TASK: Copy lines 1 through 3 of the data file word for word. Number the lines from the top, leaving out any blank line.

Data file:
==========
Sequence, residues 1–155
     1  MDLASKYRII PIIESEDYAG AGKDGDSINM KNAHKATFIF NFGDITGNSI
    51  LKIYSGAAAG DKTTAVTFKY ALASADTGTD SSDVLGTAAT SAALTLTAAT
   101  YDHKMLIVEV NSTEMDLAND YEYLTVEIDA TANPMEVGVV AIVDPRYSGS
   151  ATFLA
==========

Sequence, residues 1–155
     1  MDLASKYRII PIIESEDYAG AGKDGDSINM KNAHKATFIF NFGDITGNSI
    51  LKIYSGAAAG DKTTAVTFKY ALASADTGTD SSDVLGTAAT SAALTLTAAT